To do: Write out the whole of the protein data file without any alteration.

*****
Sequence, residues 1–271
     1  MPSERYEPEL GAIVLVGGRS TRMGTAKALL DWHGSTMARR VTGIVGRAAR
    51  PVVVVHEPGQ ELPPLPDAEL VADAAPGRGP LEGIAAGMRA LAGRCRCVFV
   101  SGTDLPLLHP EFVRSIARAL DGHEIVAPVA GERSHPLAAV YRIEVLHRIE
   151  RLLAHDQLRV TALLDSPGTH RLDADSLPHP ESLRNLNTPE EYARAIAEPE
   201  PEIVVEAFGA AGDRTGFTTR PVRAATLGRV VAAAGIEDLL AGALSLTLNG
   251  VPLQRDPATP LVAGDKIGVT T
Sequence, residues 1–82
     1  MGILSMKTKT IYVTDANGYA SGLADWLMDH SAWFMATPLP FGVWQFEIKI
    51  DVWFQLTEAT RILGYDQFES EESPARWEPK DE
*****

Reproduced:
Sequence, residues 1–271
     1  MPSERYEPEL GAIVLVGGRS TRMGTAKALL DWHGSTMARR VTGIVGRAAR
    51  PVVVVHEPGQ ELPPLPDAEL VADAAPGRGP LEGIAAGMRA LAGRCRCVFV
   101  SGTDLPLLHP EFVRSIARAL DGHEIVAPVA GERSHPLAAV YRIEVLHRIE
   151  RLLAHDQLRV TALLDSPGTH RLDADSLPHP ESLRNLNTPE EYARAIAEPE
   201  PEIVVEAFGA AGDRTGFTTR PVRAATLGRV VAAAGIEDLL AGALSLTLNG
   251  VPLQRDPATP LVAGDKIGVT T
Sequence, residues 1–82
     1  MGILSMKTKT IYVTDANGYA SGLADWLMDH SAWFMATPLP FGVWQFEIKI
    51  DVWFQLTEAT RILGYDQFES EESPARWEPK DE